As part of its campaign against “too much medicine” The BMJ has published reviews that question the value of screening for breast cancer in women and aneurysm in men – asking whether the harm of “over-diagnosis” outweighs the benefit of detecting and treating real cases of disease.
In the case of breast cancer, the analysis of the history of screening for the disease, written by a public health expert, calls for “urgent agreement” in the debate and controversy that exists between scientists.
For abdominal aortic aneurysm, the review about screening men who do not have symptoms suggests that the ratio of harm to benefit of carrying out these programs has worsened over the years.
This, they say, is thanks to a reduction in risk factors such as smoking, which has reduced the chance that screening will succeed in finding actual cases.
And a third paper looks at the results of surveys that gauged the level of over-diagnosis people would accept from screening programs aiming to detect different cancers – finding a wide range of attitudes to the harm or benefit of screening.
In the research on abdominal aortic aneurysm (a swelling in the main artery from the heart, which can lead to death when it ruptures), the authors estimate that 176 of every 10,000 men invited to screening are over-diagnosed.
This means smaller aneurysms being picked up – and perhaps being repaired in preventive surgery – even though they might have swelled little and presented a low risk of rupturing.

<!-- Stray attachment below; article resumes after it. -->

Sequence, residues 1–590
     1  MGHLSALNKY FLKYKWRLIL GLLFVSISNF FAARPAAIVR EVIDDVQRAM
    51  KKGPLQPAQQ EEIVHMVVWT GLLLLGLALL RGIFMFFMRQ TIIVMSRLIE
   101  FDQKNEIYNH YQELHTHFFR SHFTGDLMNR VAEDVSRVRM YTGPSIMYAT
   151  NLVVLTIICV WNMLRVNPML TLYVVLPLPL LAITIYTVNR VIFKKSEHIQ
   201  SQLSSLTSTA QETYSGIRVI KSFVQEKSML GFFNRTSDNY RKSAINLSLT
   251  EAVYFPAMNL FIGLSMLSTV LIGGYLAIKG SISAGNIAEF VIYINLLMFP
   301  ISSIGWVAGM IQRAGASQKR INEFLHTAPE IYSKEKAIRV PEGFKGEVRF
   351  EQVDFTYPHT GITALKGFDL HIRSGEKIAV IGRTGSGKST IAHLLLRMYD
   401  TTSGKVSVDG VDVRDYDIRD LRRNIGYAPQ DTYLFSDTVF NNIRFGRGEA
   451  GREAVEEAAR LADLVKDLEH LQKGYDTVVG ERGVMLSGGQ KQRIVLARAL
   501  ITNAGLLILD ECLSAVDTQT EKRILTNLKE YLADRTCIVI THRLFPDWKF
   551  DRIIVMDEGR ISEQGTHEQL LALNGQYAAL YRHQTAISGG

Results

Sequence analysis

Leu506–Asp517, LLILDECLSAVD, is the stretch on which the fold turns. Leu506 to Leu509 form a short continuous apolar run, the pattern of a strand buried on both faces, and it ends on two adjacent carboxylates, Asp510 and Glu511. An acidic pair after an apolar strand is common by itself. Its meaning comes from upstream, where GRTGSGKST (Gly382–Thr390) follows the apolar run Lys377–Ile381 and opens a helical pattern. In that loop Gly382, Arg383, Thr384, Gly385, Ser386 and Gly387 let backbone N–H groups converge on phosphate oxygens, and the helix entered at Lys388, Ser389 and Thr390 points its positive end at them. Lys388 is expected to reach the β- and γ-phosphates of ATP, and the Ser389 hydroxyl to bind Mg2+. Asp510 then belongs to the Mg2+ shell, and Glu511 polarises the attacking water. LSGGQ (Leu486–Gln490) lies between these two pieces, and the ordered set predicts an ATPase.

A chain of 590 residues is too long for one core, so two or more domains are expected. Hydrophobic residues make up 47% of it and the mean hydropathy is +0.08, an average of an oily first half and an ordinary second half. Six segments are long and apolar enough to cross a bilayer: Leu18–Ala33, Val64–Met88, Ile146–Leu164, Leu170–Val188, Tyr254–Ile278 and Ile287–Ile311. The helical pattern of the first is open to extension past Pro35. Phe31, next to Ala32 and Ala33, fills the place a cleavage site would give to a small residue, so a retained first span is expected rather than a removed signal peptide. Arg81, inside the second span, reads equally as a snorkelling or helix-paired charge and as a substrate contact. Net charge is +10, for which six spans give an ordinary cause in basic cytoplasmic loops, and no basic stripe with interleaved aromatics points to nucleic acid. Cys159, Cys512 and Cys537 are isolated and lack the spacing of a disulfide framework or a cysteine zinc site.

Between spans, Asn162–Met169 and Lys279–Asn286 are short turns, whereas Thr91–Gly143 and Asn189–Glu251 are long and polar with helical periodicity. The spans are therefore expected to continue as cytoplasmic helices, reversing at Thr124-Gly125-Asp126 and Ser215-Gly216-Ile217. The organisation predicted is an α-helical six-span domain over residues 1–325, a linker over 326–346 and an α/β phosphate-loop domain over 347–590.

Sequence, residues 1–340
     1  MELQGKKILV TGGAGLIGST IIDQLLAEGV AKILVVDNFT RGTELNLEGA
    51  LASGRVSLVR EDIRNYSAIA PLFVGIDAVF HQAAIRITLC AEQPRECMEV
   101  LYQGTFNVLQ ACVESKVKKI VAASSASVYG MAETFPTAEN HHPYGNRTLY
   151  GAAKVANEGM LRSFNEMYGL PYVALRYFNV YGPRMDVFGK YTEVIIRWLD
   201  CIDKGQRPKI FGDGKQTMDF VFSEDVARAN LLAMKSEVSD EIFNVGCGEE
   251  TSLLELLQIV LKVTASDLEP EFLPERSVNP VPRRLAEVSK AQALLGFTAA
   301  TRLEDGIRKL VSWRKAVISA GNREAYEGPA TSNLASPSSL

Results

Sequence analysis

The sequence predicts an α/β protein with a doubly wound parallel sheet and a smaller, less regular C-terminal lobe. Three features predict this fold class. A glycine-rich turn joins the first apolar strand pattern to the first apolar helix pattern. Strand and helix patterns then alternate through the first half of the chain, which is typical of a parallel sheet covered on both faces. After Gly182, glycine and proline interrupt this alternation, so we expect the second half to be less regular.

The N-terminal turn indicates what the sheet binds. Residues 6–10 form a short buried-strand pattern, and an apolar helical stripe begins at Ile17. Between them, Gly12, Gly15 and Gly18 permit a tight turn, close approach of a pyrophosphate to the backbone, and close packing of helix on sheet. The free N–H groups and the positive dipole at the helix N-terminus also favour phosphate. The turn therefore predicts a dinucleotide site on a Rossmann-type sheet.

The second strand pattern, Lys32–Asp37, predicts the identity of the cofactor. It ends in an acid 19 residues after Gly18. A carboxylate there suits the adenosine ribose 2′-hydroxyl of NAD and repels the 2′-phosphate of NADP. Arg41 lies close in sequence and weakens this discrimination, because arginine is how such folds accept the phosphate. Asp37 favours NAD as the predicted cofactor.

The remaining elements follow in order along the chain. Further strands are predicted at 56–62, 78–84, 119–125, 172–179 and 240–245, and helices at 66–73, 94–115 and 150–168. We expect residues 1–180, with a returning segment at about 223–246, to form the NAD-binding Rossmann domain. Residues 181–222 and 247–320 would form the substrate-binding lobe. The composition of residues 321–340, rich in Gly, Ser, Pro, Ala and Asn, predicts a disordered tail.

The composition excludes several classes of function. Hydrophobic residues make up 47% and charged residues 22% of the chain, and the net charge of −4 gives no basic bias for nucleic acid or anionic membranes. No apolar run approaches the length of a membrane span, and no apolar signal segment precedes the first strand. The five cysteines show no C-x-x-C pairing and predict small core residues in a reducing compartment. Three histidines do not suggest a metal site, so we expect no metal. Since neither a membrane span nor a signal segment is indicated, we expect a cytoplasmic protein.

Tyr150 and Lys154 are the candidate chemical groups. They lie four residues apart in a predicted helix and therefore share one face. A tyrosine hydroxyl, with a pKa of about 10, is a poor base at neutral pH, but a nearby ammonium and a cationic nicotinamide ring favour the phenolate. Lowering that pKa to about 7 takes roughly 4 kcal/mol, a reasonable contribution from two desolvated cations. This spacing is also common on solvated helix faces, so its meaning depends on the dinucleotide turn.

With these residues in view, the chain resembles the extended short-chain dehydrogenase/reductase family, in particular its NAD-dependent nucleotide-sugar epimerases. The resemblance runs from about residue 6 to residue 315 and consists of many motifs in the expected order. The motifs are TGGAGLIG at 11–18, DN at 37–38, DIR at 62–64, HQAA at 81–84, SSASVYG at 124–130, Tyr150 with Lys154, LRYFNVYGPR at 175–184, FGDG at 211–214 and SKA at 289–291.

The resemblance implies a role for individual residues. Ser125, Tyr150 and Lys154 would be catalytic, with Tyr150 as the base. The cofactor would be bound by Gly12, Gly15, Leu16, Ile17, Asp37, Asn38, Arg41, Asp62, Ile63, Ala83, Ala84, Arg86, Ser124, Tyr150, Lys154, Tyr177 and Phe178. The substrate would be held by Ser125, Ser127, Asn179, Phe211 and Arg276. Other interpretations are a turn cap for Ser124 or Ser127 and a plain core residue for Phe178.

The researchers describe the real-life consequences of the programs, which, in the UK, invite all men over the age of 65 for screening, and in the US, only those who have smoked (a risk factor that greatly increases the likelihood of an aneurysm). They explain:
“These men are unnecessarily turned into patients and may experience appreciable anxiety throughout their remaining lives.”
“Moreover,” the authors continue, “37 of these men [out of every 10,000 screened] unnecessarily have preventive surgery and 1.6 of them die as a consequence.”
In addition to such risks of psychological burden, the authors cite the surgical risks for those who undergo a preventive operation, and the public health implications over cost-effectiveness.
“When health authorities invite asymptomatic men to screening, there should be no doubt that benefits clearly outweigh harms,” the authors conclude. “We cannot judge whether this is true of abdominal aortic aneurysm screening: the harms have not been adequately investigated, as is true for cancer screening.”
On the question of how good the harm-to-benefit ratio is for breast cancer screening, Prof. Alexandra Barratt, from the School of Public Health at the University of Sydney in Australia, gives an overview of the history of screening programs, and offers a list of ways to improve their benefit.
Writing her review for The BMJ‘s “too much medicine”
- Do better research to quantify the true amount of over-diagnosis – by developing “internationally agreed standards” for studies that monitor the problem created by screening programs
- Investigate less aggressive treatment options for screen-detected breast cancers
- Be more wary of new technology – for example, digital mammography has increased cancer detection without reducing death rates, so three-dimensional mammography (tomosynthesis), which “promises a 30-50% increase in detection of breast cancers” should not be implemented without more research on “whether it alters the balance of benefit and harm”